The Gut-Acne Connection: How To Eat To Heal Your Acne

If you read our last article on the causes of chronic breakouts, you know that acne isn't so much a skin issue as it is a combination of internal imbalances that cause inflammation, excess sebum and breakouts. If only it were as easy as the 3-step skincare system infomercials promised! The good news? There are so many ways to support your skin and heal your acne holistically. Like really heal it, not mask symptoms or punish your skin with harsh acne treatments in hopes that the breakouts will stop. (Been there.) One of the best ways to heal your acne is through the food you eat. The gut-acne connection is real and the foods we eat either help heal our gut or harm it. Today, we're sharing exactly what's going on in your gut and how you can eat to heal it so you can heal your acne holistically. Let's dig in. 

What is the Gut-Acne Connection?

Did you know that there are 100 trillion microorganisms living in your gut? Crazy, right? The microbiome of your gut is really the birthplace of wellness & dis-ease, influencing everything from your mood to your hormones to your skin. Everything you eat is metabolized and broken down in your gut, communicating with and sending signals to the rest of your body. So when something's out of whack in your gut, the whole system suffers. 

When your gut microbiome is out of balance, you become vulnerable to chronic issues that 'leak out' into the other parts of your body, allowing intruders like acne-causing bacteria into your bloodstream, causing chronic inflammation, and more. Hello, inflamed, acne-prone skin.

The good news? An imbalanced or unhealthy gut microbiome can almost always be traced back to your diet, which means you have the power to influence and heal it.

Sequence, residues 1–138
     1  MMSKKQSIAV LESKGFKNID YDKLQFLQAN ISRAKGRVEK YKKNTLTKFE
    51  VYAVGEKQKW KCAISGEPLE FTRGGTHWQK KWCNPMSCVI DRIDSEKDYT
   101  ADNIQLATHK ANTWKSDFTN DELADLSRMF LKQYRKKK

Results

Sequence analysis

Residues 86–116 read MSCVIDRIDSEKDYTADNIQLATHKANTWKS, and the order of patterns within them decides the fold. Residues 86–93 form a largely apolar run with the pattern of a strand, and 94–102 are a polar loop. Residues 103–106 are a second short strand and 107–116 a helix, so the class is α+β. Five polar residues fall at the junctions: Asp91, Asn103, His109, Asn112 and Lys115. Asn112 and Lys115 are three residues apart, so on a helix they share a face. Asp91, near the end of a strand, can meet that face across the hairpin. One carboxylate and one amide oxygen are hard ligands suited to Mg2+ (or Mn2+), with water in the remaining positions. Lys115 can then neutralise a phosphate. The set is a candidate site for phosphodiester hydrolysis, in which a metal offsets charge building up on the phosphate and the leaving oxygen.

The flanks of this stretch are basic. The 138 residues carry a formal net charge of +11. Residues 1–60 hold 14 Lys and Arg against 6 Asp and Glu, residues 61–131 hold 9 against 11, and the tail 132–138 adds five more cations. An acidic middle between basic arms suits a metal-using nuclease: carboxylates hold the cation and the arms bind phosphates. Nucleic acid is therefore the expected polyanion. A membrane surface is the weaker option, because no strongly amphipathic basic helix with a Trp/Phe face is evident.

So, what's going on in my gut? 

Studies have found frequent connections between those with acne-prone skin and chronic gut issues. Those issues include:

  • Leaky gut syndrome: a compromised, 'leaky gut' that allows acne-causing bacteria to leak into your bloodstream
  • SIBO: an overgrowth of bacteria in your small intestines
  • Dysbiosis: an imbalance of good and bad bacteria in your gut
  • Hypochlorhydria: a lack of stomach acid leading to less absorption of skin-loving nutrients and slower digestion. (When your food sits in your stomach too long, it ferments and causes inflammation that is expressed through your skin in the form of acne and rosacea.) 
  • Candida yeast infection: an overgrowth of yeast, specifically Candida, causing chronic inflammation as your body attempts to fight it off

Besides identifying and assessing your own symptoms, a stool or blood test given by your doctor can usually help identify these issues. If your skin is chronically inflamed and acting out, there's a pretty good chance that your gut is experiencing one or more of these imbalances. The key, then, is to eat foods that won't further fuel the inflammation and upset in gut, but instead, heal and balance it.